PS Coloured Containers Guideline was elaborated by the experts from across the value chain represented in the respective RecyClass Technical Committee. By reporting on the behaviour of packaging in a PS containers’ recycling stream the guideline enables to determine whether a package will be assigned full, low, or no compatibility. Different components of a PS packaging such as closure systems, lids, labels, or additives, are in the scope of the document. The first and foremost requirement is that the density of packaging that must be between 1 and 1,07 g/cm³. The guideline does not cover, however, the expanded polystyrene (EPS) nor extruded polystyrene (XPS).

The document adds to the existing guidelines covering polyethylene, polypropylene, polyethylene terephthalate, comprising all kinds of packaging whether flexible or rigid, including films, bottles, tubes as well as pouches, pots, and trays.

The RecyClass PS Technical Committee works equally on the PS Recyclability Protocol which will allow for scientific testing innovative technologies and packaging to continuously update the guideline which is a living document. Such an approach allows the industry to be innovative while at the same time ensuring recyclability.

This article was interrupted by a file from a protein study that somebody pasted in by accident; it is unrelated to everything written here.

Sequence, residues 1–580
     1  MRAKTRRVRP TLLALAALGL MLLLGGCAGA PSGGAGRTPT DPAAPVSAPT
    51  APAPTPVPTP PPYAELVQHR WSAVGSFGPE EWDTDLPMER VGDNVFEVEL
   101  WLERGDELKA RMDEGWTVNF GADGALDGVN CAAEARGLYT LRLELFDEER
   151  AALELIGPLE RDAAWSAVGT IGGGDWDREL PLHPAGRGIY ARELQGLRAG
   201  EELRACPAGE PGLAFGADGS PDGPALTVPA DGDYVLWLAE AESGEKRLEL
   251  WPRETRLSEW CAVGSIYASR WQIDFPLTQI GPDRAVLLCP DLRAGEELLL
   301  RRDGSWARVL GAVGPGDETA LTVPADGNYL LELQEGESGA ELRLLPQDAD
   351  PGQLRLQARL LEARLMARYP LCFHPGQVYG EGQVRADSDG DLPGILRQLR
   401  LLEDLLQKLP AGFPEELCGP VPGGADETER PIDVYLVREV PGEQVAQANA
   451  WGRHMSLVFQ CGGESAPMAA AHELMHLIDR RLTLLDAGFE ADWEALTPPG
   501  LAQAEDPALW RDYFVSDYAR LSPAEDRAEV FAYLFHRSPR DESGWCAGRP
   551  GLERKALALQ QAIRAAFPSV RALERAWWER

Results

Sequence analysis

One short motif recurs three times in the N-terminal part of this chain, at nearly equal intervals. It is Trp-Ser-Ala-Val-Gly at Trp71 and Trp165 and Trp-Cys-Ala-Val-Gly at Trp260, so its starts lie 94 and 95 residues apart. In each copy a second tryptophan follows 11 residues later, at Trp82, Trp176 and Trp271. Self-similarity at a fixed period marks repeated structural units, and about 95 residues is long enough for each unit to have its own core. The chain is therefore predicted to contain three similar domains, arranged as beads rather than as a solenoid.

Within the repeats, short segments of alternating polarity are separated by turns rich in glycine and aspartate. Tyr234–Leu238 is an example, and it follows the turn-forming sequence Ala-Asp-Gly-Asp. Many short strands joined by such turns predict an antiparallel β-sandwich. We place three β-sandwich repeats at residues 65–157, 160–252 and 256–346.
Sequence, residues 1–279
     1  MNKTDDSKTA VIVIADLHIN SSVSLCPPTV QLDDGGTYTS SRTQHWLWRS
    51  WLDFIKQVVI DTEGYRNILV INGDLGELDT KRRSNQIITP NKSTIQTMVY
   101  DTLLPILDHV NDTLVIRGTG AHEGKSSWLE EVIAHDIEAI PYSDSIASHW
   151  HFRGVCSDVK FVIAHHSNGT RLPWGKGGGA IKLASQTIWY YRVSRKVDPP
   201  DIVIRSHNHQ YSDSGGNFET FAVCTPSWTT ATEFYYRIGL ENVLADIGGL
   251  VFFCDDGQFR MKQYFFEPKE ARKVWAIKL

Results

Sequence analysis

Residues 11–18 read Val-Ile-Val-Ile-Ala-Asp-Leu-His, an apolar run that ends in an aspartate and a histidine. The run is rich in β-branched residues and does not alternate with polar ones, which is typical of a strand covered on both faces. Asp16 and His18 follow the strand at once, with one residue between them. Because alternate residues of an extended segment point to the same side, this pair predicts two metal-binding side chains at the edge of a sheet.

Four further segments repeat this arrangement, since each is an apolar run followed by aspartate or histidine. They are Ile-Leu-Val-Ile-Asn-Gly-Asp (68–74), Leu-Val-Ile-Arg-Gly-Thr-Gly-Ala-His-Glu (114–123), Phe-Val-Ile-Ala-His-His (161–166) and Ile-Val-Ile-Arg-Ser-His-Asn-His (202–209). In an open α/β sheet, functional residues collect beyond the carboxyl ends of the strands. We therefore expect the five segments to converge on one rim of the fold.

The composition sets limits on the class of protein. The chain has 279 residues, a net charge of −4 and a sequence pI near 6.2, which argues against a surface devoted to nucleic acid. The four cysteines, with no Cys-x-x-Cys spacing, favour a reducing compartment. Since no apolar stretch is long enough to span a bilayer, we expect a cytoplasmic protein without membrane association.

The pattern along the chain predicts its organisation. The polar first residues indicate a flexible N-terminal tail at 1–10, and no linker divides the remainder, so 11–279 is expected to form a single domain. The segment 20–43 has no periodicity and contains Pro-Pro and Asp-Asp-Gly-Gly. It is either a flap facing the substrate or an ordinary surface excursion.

With this guideline, RecyClass aims at accelerating the high-quality recycling of post-consumer styrenics packaging in Europe.

Fishing industry by-products and municipal solid waste are transformed into bioplastics

AIMPLAS, the Plastics Technology Centre, is the coordinator of the European DAFIA Project, whose aim has been to recover municipal solid waste and marine rest raw materials from the fishing industry in order to obtain new, high value-added products and additives. The results have included flame retardants that provide an alternative to halogenated models, sustainable barrier packaging and edible coatings that extend the shelf life of food, and chemical substances that can be used to produce new plastics from renewable resources.